I had two reactions as I listened. First, I laughed. Let’s face it, a three-year-old yelling at an inanimate object like it was a person is pretty comical. Like the Lego was actually dragging its feet as my son tried to snap it into place. As if the difficulty he was facing was intentionally caused by a tiny piece of plastic, which willfully disobeyed him. And the little boy was so serious about the whole thing. In his mind it couldn’t have had anything to do with his own clumsiness or lack of coordination—it was that stupid plastic Lego, rebelliously rejecting his muscle movements at every turn!
Second, I had one of those parental moments of retributive satisfaction. Don’t pretend you don’t know what I’m talking about. It’s the moment when the grief they’ve given you is returned upon their head and they’re flabbergasted by the whole thing. There’s something satisfying about the tables that have turned.
What’s that my dear toddler, it irritates you when you try to snap a Lego into place—a simple, routine task—and it rejects your authority? It kicks and screams and refuses to snap into place; it pouts and whines and complains, not knowing what’s really good for it… and that bugs you? What an ungrateful Lego. You provide shelter and valuable play time, and this Lego does nothing but make life difficult? All you ask is that it snap in place from time to time, a small token of gratefulness for all you’ve done for it? What’s that you say, you’re annoyed? You gave simple instructions and the Lego defied you? Steamed? Perplexed? Ready to pull your hair out?
It’s at this moment a hearty parental chuckle rises up, the result of your child receiving a small portion of the grief he perpetually causes you. You’re not really glad he’s upset—you’re just glad he’s having to come face to face with the receiving end of the kind of behavior he continually dishes out. Sweet poetic justice, thanks to an uncooperative inanimate plastic object.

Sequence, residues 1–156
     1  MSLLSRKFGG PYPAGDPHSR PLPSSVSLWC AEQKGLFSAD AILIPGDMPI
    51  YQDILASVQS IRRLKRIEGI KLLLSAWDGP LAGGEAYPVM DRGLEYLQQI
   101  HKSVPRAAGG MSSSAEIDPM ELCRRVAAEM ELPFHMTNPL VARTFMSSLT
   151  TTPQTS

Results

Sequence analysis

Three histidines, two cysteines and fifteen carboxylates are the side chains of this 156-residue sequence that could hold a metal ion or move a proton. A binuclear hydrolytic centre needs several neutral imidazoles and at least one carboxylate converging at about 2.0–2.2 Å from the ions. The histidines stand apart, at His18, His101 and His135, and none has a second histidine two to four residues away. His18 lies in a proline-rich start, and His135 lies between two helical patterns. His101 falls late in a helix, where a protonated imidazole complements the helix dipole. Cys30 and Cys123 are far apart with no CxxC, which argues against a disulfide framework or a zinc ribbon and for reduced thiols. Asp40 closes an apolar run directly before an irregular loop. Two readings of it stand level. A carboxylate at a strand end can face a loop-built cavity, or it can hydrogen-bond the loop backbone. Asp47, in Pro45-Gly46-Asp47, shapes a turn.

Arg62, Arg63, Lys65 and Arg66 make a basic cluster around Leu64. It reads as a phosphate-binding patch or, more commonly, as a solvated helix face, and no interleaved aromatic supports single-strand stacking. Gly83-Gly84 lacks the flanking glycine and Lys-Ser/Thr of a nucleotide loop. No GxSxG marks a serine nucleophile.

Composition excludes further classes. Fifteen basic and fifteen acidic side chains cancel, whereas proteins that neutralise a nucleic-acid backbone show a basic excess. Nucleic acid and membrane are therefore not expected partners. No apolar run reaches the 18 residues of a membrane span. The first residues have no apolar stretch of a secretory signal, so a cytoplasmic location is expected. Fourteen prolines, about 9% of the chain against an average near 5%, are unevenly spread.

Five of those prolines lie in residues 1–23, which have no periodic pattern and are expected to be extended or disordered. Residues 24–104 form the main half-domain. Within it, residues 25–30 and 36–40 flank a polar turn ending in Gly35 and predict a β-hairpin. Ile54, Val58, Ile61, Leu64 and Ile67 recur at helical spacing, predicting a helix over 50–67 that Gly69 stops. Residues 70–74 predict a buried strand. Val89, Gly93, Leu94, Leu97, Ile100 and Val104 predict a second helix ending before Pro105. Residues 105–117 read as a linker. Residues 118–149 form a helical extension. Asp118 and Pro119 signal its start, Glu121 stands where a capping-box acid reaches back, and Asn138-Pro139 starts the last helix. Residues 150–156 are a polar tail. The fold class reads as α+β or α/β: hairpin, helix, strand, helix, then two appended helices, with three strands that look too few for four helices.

That’s part of life: As we grow older and mature, we learn more and more how our actions affect others. Many times it’s because we’re the recipients of unkindness, selfishness and pettiness, so we begin to understand the consequences of our own self-centered actions. As a parent of three boys, for example, I now realize how much my parents actually put up with, how much of their lives they gave and how much of a pain I often was.
Ultimately I think it cuts deeper than just a funny moment and a dose of parental payback. It reveals how frustrated I can get about my kids. For all the cute, funny or tear inducing things they do, there’s probably 50 instances where they whine, complain, pout, hit, lie or disobey. They can feel like that Lego, which just won’t snap into place. Just sit still. Just stop talking. Just get dressed. Just stop touching your brother. Just stop whining. Just stop doing that.
It’s easy to get irritated, lose my temper or issue some maniacally declarative statement like, “That’s it! No one is ever going to have fun ever again!” It’s the Chevy Chase/Christmas Vacation meltdown, complete with insane laughter, a chainsaw and a crowd of family members to witness it all. It’s at these times a quote comes to mind:
How we handle these covenant children reveals either the pride or humility buried in our hearts; our posture toward children is the ultimate litmus test for whether or not we are willing to live sacrificially (Paedofaith, Lusk, 28).
Ouch. It hit me again today in church as I labored to keep my squirming children in check. Preaching on Matthew 18:1-10, the preacher said, “How we receive these little ones is how we receive Christ and his kingdom.” Talk about a repentance-inducing knife in the proud heart. But they’re so annoying! They won’t listen! They won’t sit still! “Yes,” you can hear the Lord saying, “Sounds like you, actually. But I forgive you 70 times a day. Go and do likewise with them.”
It always amazes me how much God has to teach about grace from Three Feet. As was the case with Jesus’ disciples, humility wasn’t merely a discourse in a classroom or lecture hall. It was a child. You want to be humble? Here, take this kid. That ought to do the trick.